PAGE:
My daughter has been longing to sleep in a campervan for years – whenever we see one, she gazes at its exotic bulk beseechingly. So it was very rewarding for me, as a mother, to make her dream come true last weekend.
At the same time, on my long list of places still to visit in Andalucia, having lived here for nearly 14 years, is the Alpujarras. This mountain area, famous for its white villages, jamon iberico and stunning scenery, has been written about by many authors. Does the name Chris Stewart ring a bell?
And what better way to explore its winding roads, and make my daughter extremely happy, than a spring weekend in a campervan? Pepa, a converted Ford transit van kitted out by Westfalia, transported us smoothly from Alhaurin de la Torre near Malaga airport, headquarters of Flamenco Campers, along the Autopista del Mediterraneo motorway. After following the coastline for just over an hour, we turned off and headed up into the hills of eastern Granada province.
It didn’t take long for my children, Zac (10) and Lola (8) to suss out their favourite features of Pepa – mainly, the top bed, with its three windows – two at the side and one on top, through which a head popped out whenever we stopped the van (see below).
This became their area – and at 155x195cm, it was a decent size too, even for two wriggly, restless sleepers like them. Obviously once we were on the road again, they had to be safely strapped into the ample downstairs back seat, designed for three – with the nifty fold-up table tucked away, much to Lola’s chagrin.
They also loved the sliding windows, and had to be reminded not to stick any part of their bodies out on frequent occasions! Being a great organiser, Lola stored all the food in the clever cupboards, and woe betide us if we put anything away in the wrong place.
The van was well equipped with everything from a torch and maps – phone signals are not reliable up in the mountains, so paper is best – to groovy camper van-patterned melamine cups and bowls. The folding table, along with stools and camping seats (glass holder in the arm, essential for your evening copa de vino), were much appreciated too.
My husband loves to drive large vehicles, so he’s perfectly at home in a Ford transit, having driven them around extensive areas of Spain over the years. He found the driving position to be excellent, designed for long periods of time, and affirmed that the van was exceptionally stable on narrow, windy mountain roads with vertiginous drops – always a good thing. (I was too busy snapping photos of the breathtaking views to pay much attention, to be honest. The front passenger cubby holes were ideal for my maps, camera, notebook and other essentials.)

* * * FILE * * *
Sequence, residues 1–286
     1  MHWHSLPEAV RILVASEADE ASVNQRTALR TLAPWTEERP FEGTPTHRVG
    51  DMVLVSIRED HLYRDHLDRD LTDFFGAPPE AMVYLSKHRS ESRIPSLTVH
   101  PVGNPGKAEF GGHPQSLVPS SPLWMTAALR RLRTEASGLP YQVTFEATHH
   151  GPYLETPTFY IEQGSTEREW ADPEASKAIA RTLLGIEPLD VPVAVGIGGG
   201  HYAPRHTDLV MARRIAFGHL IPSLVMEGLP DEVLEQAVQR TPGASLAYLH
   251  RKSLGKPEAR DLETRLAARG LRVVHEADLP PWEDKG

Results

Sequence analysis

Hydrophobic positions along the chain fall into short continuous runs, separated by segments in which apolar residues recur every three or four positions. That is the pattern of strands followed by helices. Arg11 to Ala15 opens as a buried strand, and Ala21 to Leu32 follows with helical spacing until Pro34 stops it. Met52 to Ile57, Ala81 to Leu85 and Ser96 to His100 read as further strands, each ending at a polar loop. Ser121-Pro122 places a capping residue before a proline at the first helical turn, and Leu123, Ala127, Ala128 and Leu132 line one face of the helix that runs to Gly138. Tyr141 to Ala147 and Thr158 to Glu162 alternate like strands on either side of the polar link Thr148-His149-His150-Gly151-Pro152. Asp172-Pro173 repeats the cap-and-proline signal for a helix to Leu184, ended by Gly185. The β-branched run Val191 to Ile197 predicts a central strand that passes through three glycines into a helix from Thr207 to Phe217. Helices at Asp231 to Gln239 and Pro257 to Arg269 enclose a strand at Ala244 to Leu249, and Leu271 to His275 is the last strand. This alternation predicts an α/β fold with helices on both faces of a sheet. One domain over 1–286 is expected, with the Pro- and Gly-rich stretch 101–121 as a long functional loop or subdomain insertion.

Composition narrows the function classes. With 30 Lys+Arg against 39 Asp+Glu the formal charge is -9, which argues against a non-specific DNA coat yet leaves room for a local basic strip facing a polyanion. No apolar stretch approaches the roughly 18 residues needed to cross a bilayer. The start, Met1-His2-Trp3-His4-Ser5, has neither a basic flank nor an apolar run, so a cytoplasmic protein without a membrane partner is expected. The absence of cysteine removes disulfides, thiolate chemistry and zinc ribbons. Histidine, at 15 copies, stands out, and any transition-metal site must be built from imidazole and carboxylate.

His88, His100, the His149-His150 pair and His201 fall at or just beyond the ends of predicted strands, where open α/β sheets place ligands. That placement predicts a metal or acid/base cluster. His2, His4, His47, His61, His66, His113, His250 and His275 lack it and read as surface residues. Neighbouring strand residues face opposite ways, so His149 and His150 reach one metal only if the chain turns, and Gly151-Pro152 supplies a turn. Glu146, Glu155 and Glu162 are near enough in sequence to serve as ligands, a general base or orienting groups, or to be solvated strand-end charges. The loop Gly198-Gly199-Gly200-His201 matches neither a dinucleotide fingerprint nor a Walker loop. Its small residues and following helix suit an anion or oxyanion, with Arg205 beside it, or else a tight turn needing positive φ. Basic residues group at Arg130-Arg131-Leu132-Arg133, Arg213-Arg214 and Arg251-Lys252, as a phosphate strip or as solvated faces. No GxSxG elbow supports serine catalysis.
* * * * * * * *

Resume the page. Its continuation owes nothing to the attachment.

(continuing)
We were both constantly exclaiming “Mira!” “Look at that!”, as each snaky bend revealed yet another wonderful vista laid out before us. Even screen-obsessed Zac started to be wowed by the gorgeous scenery – green-covered slopes, criss-crossed by tiny roads, backed by the bluest sky you could imagine.
While the 3G was more often no-G, it’s good to keep one’s gadgets well charged up, and the van had sockets all over – in the kitchen, behind the sliding door, by the rear seat window, above the passenger seat, and on the dashboard. Everyone’s phone, tablet, camera battery and walkie-talkie had its spot to ensure 100% charge. Then, when you stop at a campsite, you can choose to use the electricity, for about 5 euros – plug the van into one of its sockets and you have heating and functioning power sockets.
The former was appreciated when a gale blew up at our first port of call, in Balcon de Pitres campsite, an excellent recommendation from Gonzalo of Flamenco Campers. It’s a peaceful place with lots of trees, and unexpectedly beautiful flowers – in fact, between the perfectly-tended roses and the meadows full of wildflowers, the whole Alpujarras was positively blooming. We were toasty warm in our campervan, well protected from the howling wind outside.
The next day, we visited a place I’ve always wanted to see: the open-air theatre in Laroles. I say always – it was only built in 2014, but I’ve followed its progress closely and met its director, Anna Kemp, a few times. I was struck by her verve, and her creative solutions to raising both funds, and the theatre’s profile. Anna’s energy and determination have garnered support from top Spanish actors and directors, as well as international name